Science.gov (United States)

    Hrairi, Sameh

    2017-07-10

    Health education, as defined by the World Health Organization (WHO 1983), includes sex education. In Tunisia, there is a growing interest in sexuality issues, in contrast with the reigning conservative culture, challenging the taboos and restrictions imposed by religion. A global sex education strategy is therefore required in Tunisian in schools to help students understand their body and its biological functions, construct a real sexual identity and adopt behaviours that promote a healthy and low-risk lifestyle. In this study, we wonder whether the objectives defined by official programmes and conveyed by biology teachers are consistent with the expectations of their students in terms of sex education. This questionnaire-based survey, conducted among 95 biology teachers and 735 students, with an average age of 18 years, shows to what extent the objectives of biology teachers differ from the expectations of students, illustrating to what extent sex education needs to be adapted.

  15. Sex hormones alter sex ratios in the Indian skipper frog, Euphlyctis cyanophlyctis: Determining sensitive stages for gonadal sex reversal.

    Science.gov (United States)

    Phuge, S K; Gramapurohit, N P

    2015-09-01

    In amphibians, although genetic factors are involved in sex determination, gonadal sex differentiation can be modified by exogenous steroid hormones suggesting a possible role of sex steroids in regulating the process. We studied the effect of testosterone propionate (TP) and estradiol-17β (E2) on gonadal differentiation and sex ratio at metamorphosis in the Indian skipper frog, Euphlyctis cyanophlyctis with undifferentiated type of gonadal differentiation. A series of experiments were carried out to determine the optimum dose and sensitive stages for gonadal sex reversal. Our results clearly indicate the importance of sex hormones in controlling gonadal differentiation of E. cyanophlyctis. Treatment of tadpoles with 10, 20, 40, and 80μg/L TP throughout larval period resulted in the development of 100% males at metamorphosis at all concentrations. Similarly, treatment of tadpoles with 40μg/L TP during ovarian and testicular differentiation resulted in the development of 90% males, 10% intersexes and 100% males respectively. Treatment of tadpoles with 10, 20, 40, and 80μg/L E2 throughout larval period likewise produced 100% females at all concentrations. Furthermore, exposure to 40μg/L E2 during ovarian and testicular differentiation produced 95% females, 5% intersexes and 91% females, 9% intersexes respectively. Both TP and E2 were also effective in advancing the stages of gonadal development. Present study shows the effectiveness of both T and E2 in inducing complete sex reversal in E. cyanophlyctis. Generally, exposure to E2 increased the larval period resulting in significantly larger females than control group while the larval period of control and TP treated groups was comparable. Copyright © 2014 Elsevier Inc. All rights reserved.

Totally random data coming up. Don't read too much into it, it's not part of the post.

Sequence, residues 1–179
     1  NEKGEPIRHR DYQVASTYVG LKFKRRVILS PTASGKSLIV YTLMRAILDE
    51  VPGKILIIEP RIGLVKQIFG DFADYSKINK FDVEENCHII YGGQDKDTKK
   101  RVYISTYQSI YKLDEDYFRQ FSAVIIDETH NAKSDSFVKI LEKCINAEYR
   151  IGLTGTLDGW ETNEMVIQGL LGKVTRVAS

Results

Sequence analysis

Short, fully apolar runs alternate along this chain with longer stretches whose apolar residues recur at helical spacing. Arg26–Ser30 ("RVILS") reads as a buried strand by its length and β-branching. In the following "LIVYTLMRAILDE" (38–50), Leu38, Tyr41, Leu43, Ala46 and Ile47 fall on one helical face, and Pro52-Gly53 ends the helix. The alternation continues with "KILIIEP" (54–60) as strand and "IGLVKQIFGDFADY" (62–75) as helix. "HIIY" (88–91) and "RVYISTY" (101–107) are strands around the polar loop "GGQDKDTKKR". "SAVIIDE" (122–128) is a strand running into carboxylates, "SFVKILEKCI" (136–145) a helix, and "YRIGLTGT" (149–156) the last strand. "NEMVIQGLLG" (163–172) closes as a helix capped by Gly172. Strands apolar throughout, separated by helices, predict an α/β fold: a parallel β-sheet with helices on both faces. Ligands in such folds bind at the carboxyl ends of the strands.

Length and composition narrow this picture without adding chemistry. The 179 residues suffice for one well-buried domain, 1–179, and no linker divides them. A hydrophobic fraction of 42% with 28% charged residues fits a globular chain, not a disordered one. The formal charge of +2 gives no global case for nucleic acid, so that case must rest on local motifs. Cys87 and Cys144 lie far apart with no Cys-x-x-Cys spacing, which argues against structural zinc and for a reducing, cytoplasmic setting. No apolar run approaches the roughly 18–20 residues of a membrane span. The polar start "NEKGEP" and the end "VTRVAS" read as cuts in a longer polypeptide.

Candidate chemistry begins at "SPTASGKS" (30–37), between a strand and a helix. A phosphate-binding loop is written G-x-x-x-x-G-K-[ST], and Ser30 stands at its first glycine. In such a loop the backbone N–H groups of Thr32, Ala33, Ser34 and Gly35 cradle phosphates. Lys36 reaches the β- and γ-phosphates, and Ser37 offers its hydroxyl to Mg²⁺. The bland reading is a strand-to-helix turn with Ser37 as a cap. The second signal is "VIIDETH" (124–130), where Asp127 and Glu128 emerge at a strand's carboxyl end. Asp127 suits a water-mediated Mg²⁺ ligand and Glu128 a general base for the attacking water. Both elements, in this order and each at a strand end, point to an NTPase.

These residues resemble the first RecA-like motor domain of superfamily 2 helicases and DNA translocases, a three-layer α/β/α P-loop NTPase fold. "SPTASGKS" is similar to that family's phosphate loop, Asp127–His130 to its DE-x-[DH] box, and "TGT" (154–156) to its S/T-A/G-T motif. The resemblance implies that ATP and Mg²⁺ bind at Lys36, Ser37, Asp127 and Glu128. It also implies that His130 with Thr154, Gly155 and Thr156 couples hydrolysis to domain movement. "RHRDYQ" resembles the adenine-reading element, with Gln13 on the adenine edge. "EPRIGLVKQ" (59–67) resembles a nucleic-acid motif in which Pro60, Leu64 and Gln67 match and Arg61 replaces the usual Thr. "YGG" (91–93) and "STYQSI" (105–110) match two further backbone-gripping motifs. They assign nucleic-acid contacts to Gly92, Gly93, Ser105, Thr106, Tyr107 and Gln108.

16. Expectations

    DEFF Research Database (Denmark)

    depend on the reader’s own experiences, individual feelings, personal associations or on conventions of reading, interpretive communities and cultural conditions? This volume brings together narrative theory, fictionality theory and speech act theory to address such questions of expectations...... and intentionality in relation to narrative and fiction....

  17. Mexican-origin Adolescents' Educational Expectation Trajectories: Intersection of Nativity, Sex, and Socioeconomic Status.

    Science.gov (United States)

    Perez-Brena, Norma J; Delgado, Melissa Y; Rodríguez De Jesús, Sue A; Updegraff, Kimberly A; Umaña-Taylor, Adriana J

    2017-01-01

    Expectancy value theory and a cultural-ecological framework are integrated in this study to examine the trajectories of 246 Mexican-origin adolescents' (M age = 12.52, SD age = 0.58; 51% girls, 62% U.S.-born) educational expectations across eight years. Findings from a multilevel growth model revealed that early adolescents expected to complete a post-bachelor's degree, but expectations declined in middle adolescence and improved in late adolescence. This pattern was more pronounced for immigrant, compared to U.S-born, adolescents. Higher socioeconomic status was associated with higher expectations. Boys and girls differed in their trajectories, such that boys showed a curvilinear trajectory and girls showed a stable trajectory. Nativity moderated these sex differences. Immigrant boys showed curvilinear trajectories that dipped in middle adolescence and immigrant girls showed a declining trajectory. In contrast, U.S.-born boys and girls showed linear and stable trajectories. The discussion addresses suggestions for targeted interventions with at-risk subgroups during a sensitive period in adolescence.

  18. WITHDRAWN: Active versus expectant management in the third stage of labour.

    LENUS (Irish Health Repository)

    Prendiville, Walter J P

    2012-02-01